The mother's eyes filled up as she explained that the father had never accepted the son and that she had tried to make up to the son for the father's rejection. The mother assured her daughter that she was very much loved also. At the end of the session they were crying in each other's arms. The lesson for all of us was to realize that we seldom know the motives of those who hurt us. It makes a big difference when we understand them.

Many Saints have followed the example of Jesus by praying for and forgiving those who tortured and martyred them. It is only by God's Grace that we can love our enemies as He does.

Ash Wednesday

Lent is a very special time during which we prepare to be baptized or to renew our baptismal promises at Easter. It begins this Wednesday with the marking of our foreheads with ashes. This sign of repentance has its origins in the Hebrew Traditions.

The word "lent" is a shortened form of an old English word "Lenten," which means springtime. Spring reminds us of growth and new life. Flowers bloom and trees, which appeared to be dead, put forth buds and leaves.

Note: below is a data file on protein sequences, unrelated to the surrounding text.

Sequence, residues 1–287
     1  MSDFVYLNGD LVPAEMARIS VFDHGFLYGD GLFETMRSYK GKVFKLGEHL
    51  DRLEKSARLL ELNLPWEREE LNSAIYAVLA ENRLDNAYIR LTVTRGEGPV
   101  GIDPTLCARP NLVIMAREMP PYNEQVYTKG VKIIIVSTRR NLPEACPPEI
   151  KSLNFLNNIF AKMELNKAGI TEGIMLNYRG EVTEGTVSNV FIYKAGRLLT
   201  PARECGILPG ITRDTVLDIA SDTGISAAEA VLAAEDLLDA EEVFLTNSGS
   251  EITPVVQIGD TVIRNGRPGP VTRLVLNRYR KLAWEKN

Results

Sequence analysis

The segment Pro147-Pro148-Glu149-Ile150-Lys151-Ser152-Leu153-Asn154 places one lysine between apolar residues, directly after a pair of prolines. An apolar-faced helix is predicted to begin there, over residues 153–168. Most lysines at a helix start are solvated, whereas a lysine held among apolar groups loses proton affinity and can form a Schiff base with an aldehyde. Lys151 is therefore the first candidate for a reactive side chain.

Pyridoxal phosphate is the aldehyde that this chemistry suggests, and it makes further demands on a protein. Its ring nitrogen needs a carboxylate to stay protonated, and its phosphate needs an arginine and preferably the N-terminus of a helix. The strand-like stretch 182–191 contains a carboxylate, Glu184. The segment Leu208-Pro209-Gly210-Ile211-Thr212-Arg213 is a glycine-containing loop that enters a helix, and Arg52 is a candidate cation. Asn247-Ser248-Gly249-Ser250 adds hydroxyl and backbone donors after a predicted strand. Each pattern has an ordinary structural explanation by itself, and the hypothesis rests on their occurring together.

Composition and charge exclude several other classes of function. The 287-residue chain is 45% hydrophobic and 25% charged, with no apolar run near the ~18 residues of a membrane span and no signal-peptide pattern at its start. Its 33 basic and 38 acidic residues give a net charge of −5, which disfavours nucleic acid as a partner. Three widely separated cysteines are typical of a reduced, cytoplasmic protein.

During Lent, we attempt to die to our selfishness and sinfulness and grow in our relationship with the Lord and generosity toward others. We hope to be morally stronger people when we pledge to renounce Satan and all evil at the Easter Vigil or on Easter Sunday.

It used to be that the emphasis was put on giving something up for Lent, usually some favorite food, etc. While that still is an option, today we are encouraged to do something positive. Is there someone from whom you are estranged? Make an effort to reconcile. If it doesn't work out, at least God knows that you tried.  Is there someone who is lonely, make contact as best you can. Is there someone hungry? Provide food in some way. Jesus said, "Whatever you did for the least of my brethren you did for me."